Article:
The Z axis is now an odd concoction that uses a rotating ball nut inside a timing pulley to lift the quill up and down. It works, though it is as ugly as a burlap sack of rusty nails.

I have a CAD program for designing my parts, and CAM program for taking the drawings from a simple image to a toolpath via a genre of computer language known as "G code". This code tells the computer what you want it to do, from cutting speeds, rapid movement speeds, cutter spindle speed, turning on coolant pumps, changing tools, etc.

ViaCad is what I draw and model my parts in, and MeshCam is what I use for converting those drawings to tool paths.

We have all at one time or another, seen a AR 15 lower receiver. On this blog, I have previously outlined how to manually machine a 0% lower forging into a finished receiver. Well, I now am able to clamp a forging into the mill and have the machine make all the critical measurements and cuts.

Cutting the top deck on the lower forging.

Cutting the magazine release slot.

Cutting the pistol grip area
Cutting out the magazine well

Cutting the bolt hold open slot on the top deck.

Cutting the FCG pocket

Cutting the front take down pin area.

It took a little while to get to this point. I've broken a few end mills and ruined a couple of forgings getting this far, but the end result is very nice to behold.

So, that's a sample of what a CNC milling machine can do. It has made life much easier when it comes to building simple things like AR15 lowers, and has also made it easier to do much more complex things as well.


  1. Very cool!

    It's strangely entertaining to watch your tools making stuff for you, isn't it?

    1. Yes. Indeed it is.
      It's also largely satisfying, as much time as I put into the machine. 10 minutes here, an hour there, etc.

    2. Oh, yeah. I don't want to think of all the hours and ruined pieces.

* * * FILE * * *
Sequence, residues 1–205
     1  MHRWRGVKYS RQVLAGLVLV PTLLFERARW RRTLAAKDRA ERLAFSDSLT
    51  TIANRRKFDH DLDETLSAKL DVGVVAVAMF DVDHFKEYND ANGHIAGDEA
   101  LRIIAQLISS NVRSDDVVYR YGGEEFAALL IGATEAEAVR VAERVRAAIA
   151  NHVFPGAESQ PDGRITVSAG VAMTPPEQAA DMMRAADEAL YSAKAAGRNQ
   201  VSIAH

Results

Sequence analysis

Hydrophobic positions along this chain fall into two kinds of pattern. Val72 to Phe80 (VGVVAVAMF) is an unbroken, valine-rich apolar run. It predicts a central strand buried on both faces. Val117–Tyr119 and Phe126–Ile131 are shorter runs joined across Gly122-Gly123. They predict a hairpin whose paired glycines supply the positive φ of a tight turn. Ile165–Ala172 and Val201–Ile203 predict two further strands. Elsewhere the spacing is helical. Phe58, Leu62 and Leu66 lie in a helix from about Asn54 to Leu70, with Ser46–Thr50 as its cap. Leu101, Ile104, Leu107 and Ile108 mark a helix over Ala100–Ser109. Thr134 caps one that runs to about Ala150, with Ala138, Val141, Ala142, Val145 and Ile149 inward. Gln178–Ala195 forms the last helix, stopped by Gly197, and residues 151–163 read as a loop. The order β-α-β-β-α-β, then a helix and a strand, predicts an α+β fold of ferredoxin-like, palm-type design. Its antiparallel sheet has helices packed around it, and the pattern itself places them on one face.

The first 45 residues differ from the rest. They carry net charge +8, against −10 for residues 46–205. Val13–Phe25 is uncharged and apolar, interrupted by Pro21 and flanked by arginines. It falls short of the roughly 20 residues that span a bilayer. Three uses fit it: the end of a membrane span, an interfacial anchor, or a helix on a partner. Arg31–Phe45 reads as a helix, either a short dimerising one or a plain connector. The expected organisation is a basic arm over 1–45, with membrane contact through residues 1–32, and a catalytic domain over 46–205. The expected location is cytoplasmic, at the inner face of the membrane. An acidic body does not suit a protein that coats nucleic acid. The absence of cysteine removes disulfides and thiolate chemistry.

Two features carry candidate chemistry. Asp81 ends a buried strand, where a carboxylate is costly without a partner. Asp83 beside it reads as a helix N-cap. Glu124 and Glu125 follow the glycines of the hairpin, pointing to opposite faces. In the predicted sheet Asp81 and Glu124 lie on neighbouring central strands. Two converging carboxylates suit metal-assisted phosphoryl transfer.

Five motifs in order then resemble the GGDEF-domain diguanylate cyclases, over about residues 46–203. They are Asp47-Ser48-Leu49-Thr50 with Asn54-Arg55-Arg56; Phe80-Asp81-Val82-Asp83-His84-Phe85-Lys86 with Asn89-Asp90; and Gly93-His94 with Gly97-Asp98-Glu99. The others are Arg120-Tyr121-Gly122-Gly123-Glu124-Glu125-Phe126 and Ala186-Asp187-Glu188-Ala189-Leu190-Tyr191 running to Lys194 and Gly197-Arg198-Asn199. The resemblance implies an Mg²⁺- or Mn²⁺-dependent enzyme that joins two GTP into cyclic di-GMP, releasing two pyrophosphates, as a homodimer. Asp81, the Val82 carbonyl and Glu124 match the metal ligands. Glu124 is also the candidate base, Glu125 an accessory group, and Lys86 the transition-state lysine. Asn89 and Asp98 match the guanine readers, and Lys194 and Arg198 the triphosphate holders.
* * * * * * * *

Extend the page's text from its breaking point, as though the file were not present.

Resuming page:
I guess education is always expensive, but still cheaper than stupidity.

    3. Good judgement comes from experience, and experience comes from bad judgement.

  2. Hah! Bad judgement and a pile of ruined parts.

    BTDT, but not with gun stuff.

    My Dad was a Tool and Die Maker, and then went on to be the Bridgeport rep in the area I grew up in. I've seen the evolution of CNC, starting from punched tape made God-knows-how, and now to equipment that lets you design something on your PC, and send it straight to the shop floor, as you've done.

    Good to see guys like you actually using the technology in thw ay that you do.

  3. Yeah, the pile of broken tooling and ruined parts sitting here turns my stomach when I see it. =(

    I've been tinkering with CNCs for quite a while, but on a random basis. This mill is my latest conversion, the last was a cnc plasma cutter.

  4. Replies
    1. Well, when you come build you some rifles, you'll get to tinker with it to your heart's desire.

  5. TRE you never fail to impress.
    You are a machinist at heart, that went to school to get an engineering degree.
    I don't think you know how unique an individual you are.
    Believe me, I deal with highly skooled engineers every day.
    Tre' cool stuff TRE.

    1. Thank you for the kind words, KX.
      I'm not much of a machinist, just a hobbyist with some bad habits, ADD, and some power tools.

      Glad you enjoyed the machinery, though.